Why would so many Republicans be drawn to a man who until recently was supportive of all abortions and gay marriage, and still supports land-grabbing for private companies, tax increases on the wealthy, and single-payer healthcare? In fact, this is a man who has never fought for any conservative cause until running for president.
This is a question that befuddles many in the conservative intelligentsia. I’m not flummoxed by this paradox because I suspect most of his supporters feel the same sense of exasperation expressed in so many of my columns and so much of the material here at Conservative Review.
Sure, there are other people who are more conservative than Trump in theory. But where the heck has that gotten us? What has this much-vaunted professional conservative movement done for us? It’s not about how conservative you are; it’s about what you are willing to fight for and whether you will rise to the occasion at the appropriate time. As I noted last week, the 43rd anniversary of Roe v. Wade stands as a testament to the failure of this movement. What good is an intellectual conservative if he will not do what it takes to fight for those principles and utterly defeat our confident political enemies?
To that end, we need more than an intellectual conservative who will check the right boxes on the typical Republican issues. We need a revolutionary to fundamentally restore our republic.
The rationale for a Trump candidacy goes something like this: granted that Trump might only be a five on the scale of 1-10 in terms of conservatism, but unlike the other guy, who might register as an eight or nine but win nothing for us, at least Trump will fight and win for the level five he believes in. Moreover, not all issues are created equal and immigration stands at the nexus of every issue. If our open border policies are not reined in, Democrats will secure a permanent electoral majority, thereby rendering every other conservative policy priority moot.
This is an argument that resonates deeply with me given my observations of the political landscape, the failures of the modern-day conservative movement, and commitment to the immigration issue. This is the very rationale I would use to justify a vote for Trump.
In comes Donald Trump and declares the following to “Morning Joe” on the left-wing cable network:
I’ve always had a great relationship with Harry Reid and frankly if I weren’t running for office I’d be able to deal with [Pelosi], I’d be able to deal with Reid, I’d be able to deal with anybody.”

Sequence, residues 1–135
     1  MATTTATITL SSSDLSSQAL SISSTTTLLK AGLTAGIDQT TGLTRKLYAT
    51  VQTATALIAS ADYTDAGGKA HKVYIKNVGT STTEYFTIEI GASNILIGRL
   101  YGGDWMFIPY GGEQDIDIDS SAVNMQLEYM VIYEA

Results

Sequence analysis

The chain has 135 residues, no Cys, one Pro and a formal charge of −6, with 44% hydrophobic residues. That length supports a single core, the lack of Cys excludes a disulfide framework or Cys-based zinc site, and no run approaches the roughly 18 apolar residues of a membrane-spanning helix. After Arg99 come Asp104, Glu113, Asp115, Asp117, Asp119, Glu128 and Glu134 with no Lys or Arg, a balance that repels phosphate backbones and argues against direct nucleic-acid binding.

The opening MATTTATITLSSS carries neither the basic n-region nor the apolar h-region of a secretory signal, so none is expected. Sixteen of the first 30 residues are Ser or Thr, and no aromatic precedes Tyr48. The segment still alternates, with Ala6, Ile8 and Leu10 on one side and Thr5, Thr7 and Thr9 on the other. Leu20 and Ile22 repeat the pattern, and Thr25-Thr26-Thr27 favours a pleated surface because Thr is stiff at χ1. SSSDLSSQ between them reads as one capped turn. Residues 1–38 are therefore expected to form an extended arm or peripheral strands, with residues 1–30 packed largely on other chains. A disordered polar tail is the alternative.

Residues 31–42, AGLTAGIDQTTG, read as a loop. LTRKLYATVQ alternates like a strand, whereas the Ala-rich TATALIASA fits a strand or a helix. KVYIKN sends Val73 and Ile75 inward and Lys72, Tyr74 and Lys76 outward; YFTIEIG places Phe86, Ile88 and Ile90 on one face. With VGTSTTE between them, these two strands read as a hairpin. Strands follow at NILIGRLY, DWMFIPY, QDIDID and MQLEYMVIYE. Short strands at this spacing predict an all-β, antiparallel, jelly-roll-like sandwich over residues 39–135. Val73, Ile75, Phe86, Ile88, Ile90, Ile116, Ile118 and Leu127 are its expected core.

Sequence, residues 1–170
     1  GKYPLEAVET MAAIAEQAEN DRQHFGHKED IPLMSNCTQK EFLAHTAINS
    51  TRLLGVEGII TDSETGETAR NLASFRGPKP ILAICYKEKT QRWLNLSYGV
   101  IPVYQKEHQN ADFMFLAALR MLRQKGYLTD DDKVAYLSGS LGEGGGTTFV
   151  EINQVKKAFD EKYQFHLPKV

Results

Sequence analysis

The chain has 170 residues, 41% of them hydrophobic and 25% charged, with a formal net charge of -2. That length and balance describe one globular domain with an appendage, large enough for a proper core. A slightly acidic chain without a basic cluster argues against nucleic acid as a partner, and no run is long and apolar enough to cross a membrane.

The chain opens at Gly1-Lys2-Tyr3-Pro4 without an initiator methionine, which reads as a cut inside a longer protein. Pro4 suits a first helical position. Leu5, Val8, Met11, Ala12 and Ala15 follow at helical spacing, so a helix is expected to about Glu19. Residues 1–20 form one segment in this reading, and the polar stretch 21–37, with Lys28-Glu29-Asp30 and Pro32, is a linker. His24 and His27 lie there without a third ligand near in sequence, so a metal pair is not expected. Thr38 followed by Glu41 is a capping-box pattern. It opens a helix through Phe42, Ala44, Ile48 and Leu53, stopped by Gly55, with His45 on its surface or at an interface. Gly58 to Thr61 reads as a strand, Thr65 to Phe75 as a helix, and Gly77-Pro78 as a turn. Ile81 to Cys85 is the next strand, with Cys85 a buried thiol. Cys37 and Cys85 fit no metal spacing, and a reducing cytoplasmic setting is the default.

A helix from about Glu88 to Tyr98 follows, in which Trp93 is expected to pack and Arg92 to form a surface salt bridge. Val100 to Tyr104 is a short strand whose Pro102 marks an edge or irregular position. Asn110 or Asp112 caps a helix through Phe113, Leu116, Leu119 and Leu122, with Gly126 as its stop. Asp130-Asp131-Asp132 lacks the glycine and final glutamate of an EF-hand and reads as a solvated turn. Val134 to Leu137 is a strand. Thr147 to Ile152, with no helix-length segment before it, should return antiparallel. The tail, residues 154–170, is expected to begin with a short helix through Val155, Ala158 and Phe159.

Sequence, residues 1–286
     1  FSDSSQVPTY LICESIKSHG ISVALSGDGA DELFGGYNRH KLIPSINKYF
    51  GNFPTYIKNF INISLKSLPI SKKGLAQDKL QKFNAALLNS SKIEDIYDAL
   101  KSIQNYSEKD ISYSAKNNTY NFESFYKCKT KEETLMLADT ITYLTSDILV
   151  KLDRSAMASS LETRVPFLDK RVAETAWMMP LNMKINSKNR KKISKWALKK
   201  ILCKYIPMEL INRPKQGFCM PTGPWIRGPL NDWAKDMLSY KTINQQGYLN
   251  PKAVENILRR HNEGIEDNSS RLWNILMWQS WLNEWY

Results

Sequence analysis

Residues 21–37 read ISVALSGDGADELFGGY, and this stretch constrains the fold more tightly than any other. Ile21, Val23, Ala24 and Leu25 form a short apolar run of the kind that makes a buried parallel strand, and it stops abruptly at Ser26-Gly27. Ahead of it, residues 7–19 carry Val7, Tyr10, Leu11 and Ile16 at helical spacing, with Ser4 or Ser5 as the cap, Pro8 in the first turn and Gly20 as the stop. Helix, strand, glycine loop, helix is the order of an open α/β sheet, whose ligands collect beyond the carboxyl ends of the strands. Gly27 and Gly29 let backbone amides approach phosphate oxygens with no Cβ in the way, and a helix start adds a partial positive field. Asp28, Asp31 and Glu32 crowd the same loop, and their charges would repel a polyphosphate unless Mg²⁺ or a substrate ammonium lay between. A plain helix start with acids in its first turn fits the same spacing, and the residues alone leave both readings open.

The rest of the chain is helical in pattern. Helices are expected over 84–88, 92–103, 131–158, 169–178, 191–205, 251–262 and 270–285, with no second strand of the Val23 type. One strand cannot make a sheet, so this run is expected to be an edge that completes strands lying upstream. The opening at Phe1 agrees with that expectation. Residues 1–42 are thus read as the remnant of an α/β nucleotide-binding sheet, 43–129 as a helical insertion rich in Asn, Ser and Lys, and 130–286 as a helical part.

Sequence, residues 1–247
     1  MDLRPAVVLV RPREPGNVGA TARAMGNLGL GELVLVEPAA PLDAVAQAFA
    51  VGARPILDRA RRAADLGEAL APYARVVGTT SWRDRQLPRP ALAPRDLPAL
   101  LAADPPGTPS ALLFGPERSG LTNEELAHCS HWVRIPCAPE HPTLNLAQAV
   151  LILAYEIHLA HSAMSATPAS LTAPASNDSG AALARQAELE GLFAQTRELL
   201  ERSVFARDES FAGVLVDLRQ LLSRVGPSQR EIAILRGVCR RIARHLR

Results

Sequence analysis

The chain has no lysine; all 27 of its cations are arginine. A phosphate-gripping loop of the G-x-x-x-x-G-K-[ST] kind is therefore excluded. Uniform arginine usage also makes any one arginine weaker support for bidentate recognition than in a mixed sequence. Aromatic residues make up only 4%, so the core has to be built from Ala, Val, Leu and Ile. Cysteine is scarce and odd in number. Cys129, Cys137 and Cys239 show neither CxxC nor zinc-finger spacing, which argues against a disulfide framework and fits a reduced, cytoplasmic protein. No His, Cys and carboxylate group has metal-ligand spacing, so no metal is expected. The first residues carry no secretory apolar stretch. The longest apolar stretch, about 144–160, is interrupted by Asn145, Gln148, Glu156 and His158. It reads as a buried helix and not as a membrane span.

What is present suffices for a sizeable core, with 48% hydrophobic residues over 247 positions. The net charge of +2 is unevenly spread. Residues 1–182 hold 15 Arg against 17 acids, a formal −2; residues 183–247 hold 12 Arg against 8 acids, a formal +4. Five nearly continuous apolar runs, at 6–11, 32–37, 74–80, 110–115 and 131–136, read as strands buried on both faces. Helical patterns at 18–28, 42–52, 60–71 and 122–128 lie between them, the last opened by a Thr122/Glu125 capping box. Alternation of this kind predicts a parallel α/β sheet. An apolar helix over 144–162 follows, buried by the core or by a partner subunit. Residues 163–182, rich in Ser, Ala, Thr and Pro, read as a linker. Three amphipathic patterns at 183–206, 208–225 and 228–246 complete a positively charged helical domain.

It’s important to go along. It’s wonderful to say that you’re a maverick and you’re going to close up the country and all the things. But you’ve got to get somebody to go along with you. We have a lot of people, we have a system,
Does this sound like a man who will burn down this irremediably corrupt system?
As we noted last week, the entrenched parasites within the bureaucracies and the bipartisan liberals in Congress are not pragmatic dealers in the mold of Trump’s business associates. They will fight until the last man standing to implement their policies. They will proverbially (or possibly, quite literally) lay down on the tracks to prevent deportations and stop Trump from barring Muslim immigrants and fixing birthright citizenship—assuming he is sincerely committed to those priorities.
When it comes to the core priorities that have endeared Trump to the base, there can be nothing about which to make a deal and nobody with whom to get along. The only way to enact these priorities is to marshal public support and use the bully pulpit to defeat Pelosi, Reid, the GOP establishment, the non-profits, and the vipers within the executive agencies that will leave no stone unturned in blocking these policies and launching a dehumanization campaign against their supporters. We got a sense of what such a political fight would look like when the media elites practically compared Trump to Hitler when he called for a temporary moratorium on Muslim immigration.
Christian Adams, a former Justice Department official, makes this point incisively through the prism of his experience at DOJ:
It’s easy to assume Trump’s bombast and authoritarian nature would enable him to reverse quickly the policies of the last seven years at Justice. But such a belief in Trump is mistaken, and understandable, when you have never served as a federal employee inside the leviathan …
It’s one thing to boast of deals in the private sector, its quite another to transfer that bravado to government policy.
This is the point I’ve made over the years when interviewing congressional candidates for endorsements, especially career businessmen. The public sector is owned by the Left—lock, stock, and barrel. You have to blow up their bunkers in order to root out the rotgut and transform them into tools for constitutional governance. There is no middle ground because they will never compromise one inch, particularly on an issue like immigration.
Trump owes the conservative base an answer to the following question: If he feels compelled to work with the likes of Pelosi, Reid, and Schumer, how is he going to deal with the fifth columnist, career bureaucrats in his own administration? If Trump is not anchored in ideology and love for the Constitution, and is now, evidently, not anchored to a desire to burn down the system but to work with it, what should give us confidence he will be different than any insipid GOP politician?
Daniel Horowitz is a senior editor of Conservative Review. Follow him on Twitter @RMConservative.